The death of a 12 year old boy, Fares al-Khodour in an alleged Coalition airstrike on al Hassakah on July 9th led to an international outpouring of grief and condemnation of the ongoing civil war in Syria – and of the Coalition’s own involvement.
Fares had fled as a refugee with his family to Beirut, Lebanon where he became a flower seller in busy Hamra Street. Popular with Beirutis for his friendly manner and smart dress, Fares soon earned the nickname among some as Hamra’s Mascot, and he was often photographed smiling with his customers. Many such pictures were published on social media following his death, with at least one candlelit vigil held in Beirut in his memory. According to al Araby, “Once asked about what he wants to be when he grows up, Fares answered: “I want to be a lawyer to defend kids who work and don’t go to school.“
Fares had only reportedly returned to his home town in Syria a few days before his death, in order to visit family members. Few details of the alleged strike itself have emerged, with Turkish agency Anatolia News apparently the first to report the death of Fares two days after the event. Heavy coalition airstrikes have been confirmed on al Hassakah on the day in question.
Controversially al Hadath claimed that a young suicide bomber with the nom de guerre of Abu Khattab Al Ansari, who had carried out a suicide attack on Kurdish positions in Raqqa on July 7th, was in fact Fares. The story was roundly condemned as a fake, including by Fares’ surviving brother Youssef.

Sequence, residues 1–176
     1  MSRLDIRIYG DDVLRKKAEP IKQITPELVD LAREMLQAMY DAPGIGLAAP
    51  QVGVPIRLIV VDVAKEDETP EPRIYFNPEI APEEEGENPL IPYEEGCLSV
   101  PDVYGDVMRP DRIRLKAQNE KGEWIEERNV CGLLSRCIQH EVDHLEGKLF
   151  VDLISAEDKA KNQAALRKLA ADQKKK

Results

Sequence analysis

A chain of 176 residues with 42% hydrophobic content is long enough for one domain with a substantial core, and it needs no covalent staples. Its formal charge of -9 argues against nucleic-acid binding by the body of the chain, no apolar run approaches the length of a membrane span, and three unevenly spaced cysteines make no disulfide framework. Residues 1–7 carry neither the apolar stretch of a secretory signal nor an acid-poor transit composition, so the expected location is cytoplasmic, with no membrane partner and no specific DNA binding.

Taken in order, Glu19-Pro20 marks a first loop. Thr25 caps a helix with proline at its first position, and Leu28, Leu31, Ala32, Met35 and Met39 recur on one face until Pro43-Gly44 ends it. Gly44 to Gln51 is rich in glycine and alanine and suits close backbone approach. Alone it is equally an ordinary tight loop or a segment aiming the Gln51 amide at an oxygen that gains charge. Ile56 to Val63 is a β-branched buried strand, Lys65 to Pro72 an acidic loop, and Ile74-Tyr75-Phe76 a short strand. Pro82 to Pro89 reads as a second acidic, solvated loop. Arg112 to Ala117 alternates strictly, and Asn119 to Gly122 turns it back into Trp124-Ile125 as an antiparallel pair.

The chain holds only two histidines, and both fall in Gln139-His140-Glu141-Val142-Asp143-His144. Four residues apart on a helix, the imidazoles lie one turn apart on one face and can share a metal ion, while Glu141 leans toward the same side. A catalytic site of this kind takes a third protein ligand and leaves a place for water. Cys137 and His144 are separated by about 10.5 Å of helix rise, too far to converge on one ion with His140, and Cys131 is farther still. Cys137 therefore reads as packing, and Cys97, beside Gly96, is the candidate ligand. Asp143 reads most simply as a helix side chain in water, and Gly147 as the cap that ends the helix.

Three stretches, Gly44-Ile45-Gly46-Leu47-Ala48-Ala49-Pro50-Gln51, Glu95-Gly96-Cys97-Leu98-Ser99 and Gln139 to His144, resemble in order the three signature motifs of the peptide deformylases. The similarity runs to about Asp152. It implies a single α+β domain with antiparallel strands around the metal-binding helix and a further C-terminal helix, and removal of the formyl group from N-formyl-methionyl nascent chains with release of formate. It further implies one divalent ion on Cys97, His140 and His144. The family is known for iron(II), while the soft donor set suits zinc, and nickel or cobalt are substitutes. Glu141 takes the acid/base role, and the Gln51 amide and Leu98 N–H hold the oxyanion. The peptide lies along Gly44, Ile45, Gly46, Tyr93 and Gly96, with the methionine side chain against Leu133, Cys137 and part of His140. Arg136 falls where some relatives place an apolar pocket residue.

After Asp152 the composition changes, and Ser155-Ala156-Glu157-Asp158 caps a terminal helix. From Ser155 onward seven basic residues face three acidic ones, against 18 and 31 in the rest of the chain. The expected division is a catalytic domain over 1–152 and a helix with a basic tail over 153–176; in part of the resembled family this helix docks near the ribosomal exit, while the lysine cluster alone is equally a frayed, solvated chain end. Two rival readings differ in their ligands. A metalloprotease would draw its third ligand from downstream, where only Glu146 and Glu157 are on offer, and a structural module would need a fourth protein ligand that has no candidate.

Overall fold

A family member later indicated that Fares died along with up to six other villagers – including three or four children – when passing fuel trucks were targeted.
In mid 2017, US film maker Noel Paul (who had met Fares in Beirut) began collating evidence about the event. In July 2017, he was told by Coalition officials: “CJTF-OIR is aware of the incident and has completed an assessment, and based on the information available to our assessment team, they have assessed that there is insufficient evidence to find that civilians were harmed in this strike. However, if you are able to provide additional information, such as GPS coordinates for the strike, names and any additional information about the alleged victim we will re-open this report and take another look at it.”
Mr Paul was able to obtain near coordinates for the event from surviving family members – and to place the strike at the tiny village of Abyad, 36°20’04”N 40°33’26”E.
In its monthly civilian casualty report for October 2019 – published on December 5th of that year – the Coalition again assessed the event as ‘non credible’, noting that “July 9, 2015, in Abyad Village, Syria, via Airwars report. After a review of all available records it was assessed that no Coalition actions were conducted in the geographical area that corresponds to the report of civilian casualties. 2823/CS095 37SFA398222”.
Coalition officials also provided Airwars with a geolocation to within 100 metres of the area reviewed. This showed that they had assessed the event for Abyad.
The local time of the incident is unknown.